Before we jump into the examples, make sure you are clear on all SQL Fundamentals and Standard SQL Functions!

### Sample Database

Below is the blueprint of the database. We'll use this database in our examples below.

Let’s analyze the database blueprint, starting from the left.

The ** Customers** table stores data about the customers. Its primary key is the

`CustomerId`

column. The **and**

`Customers`

**tables are linked using the**

`Orders`

`CustomerId`

column. The **Orders**table stores the order date and the ID of the customer who placed the order. Its primary key is the

`OrderId`

column. The link between the **and**

`Customers`

**tables defines the relationship between them. One customer can have zero or more orders, but an order can be assigned to only one customer.**

`Orders`

The ** Orders** and

**tables are linked using the**

`OrderDetails`

`OrderId`

column. The **and**

`Products`

**tables are linked using the**

`OrderDetails`

`ProductId`

column. The primary key of the **table consists of the**

`OrderDetails`

`OrderId`

and `ProductId`

columns.One order can consist of one or more products. Hence, one row from the ** Orders** table can be related to one or more rows from the

**table. Also, one product can be in zero or more orders. Hence, one row from the**

`OrderDetails`

**table can be related to zero or more rows from the**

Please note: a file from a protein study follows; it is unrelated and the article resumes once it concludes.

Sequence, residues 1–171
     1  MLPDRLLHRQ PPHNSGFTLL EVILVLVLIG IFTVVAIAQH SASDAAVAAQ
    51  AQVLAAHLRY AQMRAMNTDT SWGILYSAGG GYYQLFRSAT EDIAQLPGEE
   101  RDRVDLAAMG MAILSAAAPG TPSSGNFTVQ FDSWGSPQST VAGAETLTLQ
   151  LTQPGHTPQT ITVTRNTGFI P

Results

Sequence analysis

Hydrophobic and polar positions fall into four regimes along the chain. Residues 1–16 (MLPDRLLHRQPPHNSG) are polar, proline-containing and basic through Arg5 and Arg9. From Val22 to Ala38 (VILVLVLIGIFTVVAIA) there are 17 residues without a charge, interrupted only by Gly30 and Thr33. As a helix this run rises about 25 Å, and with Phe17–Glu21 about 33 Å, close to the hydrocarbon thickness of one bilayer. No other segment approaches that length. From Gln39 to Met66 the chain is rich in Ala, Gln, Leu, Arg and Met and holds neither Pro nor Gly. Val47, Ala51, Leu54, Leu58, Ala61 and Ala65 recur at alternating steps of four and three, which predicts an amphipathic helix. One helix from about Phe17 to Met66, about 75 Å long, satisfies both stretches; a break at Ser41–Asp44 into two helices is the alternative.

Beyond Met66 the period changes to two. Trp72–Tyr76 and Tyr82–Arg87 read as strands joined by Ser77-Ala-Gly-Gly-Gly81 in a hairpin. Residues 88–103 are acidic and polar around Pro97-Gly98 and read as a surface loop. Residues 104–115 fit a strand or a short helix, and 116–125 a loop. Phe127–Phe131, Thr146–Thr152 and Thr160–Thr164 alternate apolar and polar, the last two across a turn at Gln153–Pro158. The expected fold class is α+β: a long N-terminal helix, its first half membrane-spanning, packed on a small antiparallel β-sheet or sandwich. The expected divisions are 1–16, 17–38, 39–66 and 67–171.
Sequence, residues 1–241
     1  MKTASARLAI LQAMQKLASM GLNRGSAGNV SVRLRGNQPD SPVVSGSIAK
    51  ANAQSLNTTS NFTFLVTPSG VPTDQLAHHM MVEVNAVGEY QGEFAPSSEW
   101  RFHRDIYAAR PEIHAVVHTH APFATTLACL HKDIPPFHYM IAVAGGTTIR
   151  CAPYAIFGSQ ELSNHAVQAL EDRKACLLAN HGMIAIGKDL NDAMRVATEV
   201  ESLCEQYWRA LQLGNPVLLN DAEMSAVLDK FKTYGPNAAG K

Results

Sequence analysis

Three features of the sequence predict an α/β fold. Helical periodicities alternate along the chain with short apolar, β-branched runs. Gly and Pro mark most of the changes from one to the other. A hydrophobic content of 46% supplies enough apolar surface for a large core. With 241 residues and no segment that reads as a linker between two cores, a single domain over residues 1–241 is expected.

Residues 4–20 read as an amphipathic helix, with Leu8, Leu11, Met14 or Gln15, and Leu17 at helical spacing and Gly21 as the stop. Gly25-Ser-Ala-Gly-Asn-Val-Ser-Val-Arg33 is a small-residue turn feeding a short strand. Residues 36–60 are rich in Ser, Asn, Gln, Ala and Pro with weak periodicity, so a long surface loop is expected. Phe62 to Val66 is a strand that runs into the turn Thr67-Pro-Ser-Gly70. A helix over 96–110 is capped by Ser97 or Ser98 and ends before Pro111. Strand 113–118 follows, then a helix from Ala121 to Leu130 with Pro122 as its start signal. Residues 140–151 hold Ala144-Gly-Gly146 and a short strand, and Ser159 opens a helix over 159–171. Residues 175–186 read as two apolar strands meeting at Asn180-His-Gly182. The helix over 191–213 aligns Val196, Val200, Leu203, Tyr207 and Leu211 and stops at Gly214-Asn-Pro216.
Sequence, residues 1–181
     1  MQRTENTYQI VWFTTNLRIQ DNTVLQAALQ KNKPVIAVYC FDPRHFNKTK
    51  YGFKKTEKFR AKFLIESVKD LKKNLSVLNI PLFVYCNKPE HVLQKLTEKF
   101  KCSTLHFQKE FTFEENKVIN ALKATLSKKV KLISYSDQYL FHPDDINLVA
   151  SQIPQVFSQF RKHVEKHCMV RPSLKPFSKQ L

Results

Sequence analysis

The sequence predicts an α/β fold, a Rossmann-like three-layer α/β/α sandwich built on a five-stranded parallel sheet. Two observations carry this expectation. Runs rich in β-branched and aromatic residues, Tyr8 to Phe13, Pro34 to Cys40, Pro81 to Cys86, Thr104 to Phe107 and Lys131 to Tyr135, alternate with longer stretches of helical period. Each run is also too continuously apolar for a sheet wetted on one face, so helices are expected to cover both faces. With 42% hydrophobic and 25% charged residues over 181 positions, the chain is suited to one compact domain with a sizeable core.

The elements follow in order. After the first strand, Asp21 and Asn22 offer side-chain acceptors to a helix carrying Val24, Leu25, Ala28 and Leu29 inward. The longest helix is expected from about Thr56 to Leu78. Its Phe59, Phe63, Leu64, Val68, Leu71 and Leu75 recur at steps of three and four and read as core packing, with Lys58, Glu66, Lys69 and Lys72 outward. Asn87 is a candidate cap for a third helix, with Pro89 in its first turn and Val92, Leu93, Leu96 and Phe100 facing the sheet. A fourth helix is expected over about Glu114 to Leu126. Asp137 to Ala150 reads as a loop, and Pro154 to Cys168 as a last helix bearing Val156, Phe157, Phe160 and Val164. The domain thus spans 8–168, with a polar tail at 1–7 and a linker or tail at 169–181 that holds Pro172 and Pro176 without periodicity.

`Products`

**table.**

`OrderDetails`

Now, let’s insert some data into our tables.

The ** Customers** table:

CustomerId | FirstName | LastName | Street | HouseNo | City | Country | PhoneNo | |
---|---|---|---|---|---|---|---|---|

1 | Rachel | Hartley | Bicetown Road | 602 | New York | USA | rh@email.com | 0123456789 |

2 | Caitlyn | Ray | Friedrichstrasse | 44 | Berlin | Germany | cr@email.com | 0987654321 |

3 | Andrew | Duncan | Lairg Road | 38 | London | NULL | ad@email.com | 0567432678 |

4 | Taylor | Jenkins | Park Row | 106 | Edinburgh | UK | NULL | 0876345123 |

5 | Ben | Holland | Williams Avenue | 252 | Los Angeles | USA | bh@email.com | 0987456789 |

The

table (the date column is in the format DD-MM-YYYY):**Orders**

OrderId | CustomerId | OrderDate |
---|---|---|

45 | 1 | 10-10-2021 |

46 | 2 | 11-12-2020 |

47 | 3 | 05-05-2021 |

48 | 4 | 09-08-2021 |

49 | 5 | NULL |

50 | 1 | 02-06-2021 |

51 | 2 | 07-07-2021 |

The

table:**OrderDetails**

OrderId | ProductId | Quantity |
---|---|---|

45 | 100 | 2 |

45 | 101 | 3 |

46 | 100 | 1 |

47 | 102 | 4 |

48 | 101 | 3 |

48 | 103 | 5 |

49 | 104 | 2 |

50 | 100 | 3 |

51 | 101 | 1 |

The

table:**Products**

ProductId | Name | UnitPrice | AvailableInStock |
---|---|---|---|

100 | Keyboard | 30.00 | 300 |

101 | USB Drive | 20.00 | 450 |

102 | Mouse | 20.00 | 500 |

103 | Screen | 100.00 | 450 |

104 | Laptop | 600.00 | 200 |

We are now ready to start with the examples.

### Examples With COUNT()

We start with the ** Customers** table. Let’s find out how many customers there are by country.

SELECT Country, COUNT(CustomerId) AS NumberOfCustomers FROM Customers GROUP BY Country;

Country | NumberOfCustomers |
---|---|

NULL | 1 |

Germany | 1 |

UK | 1 |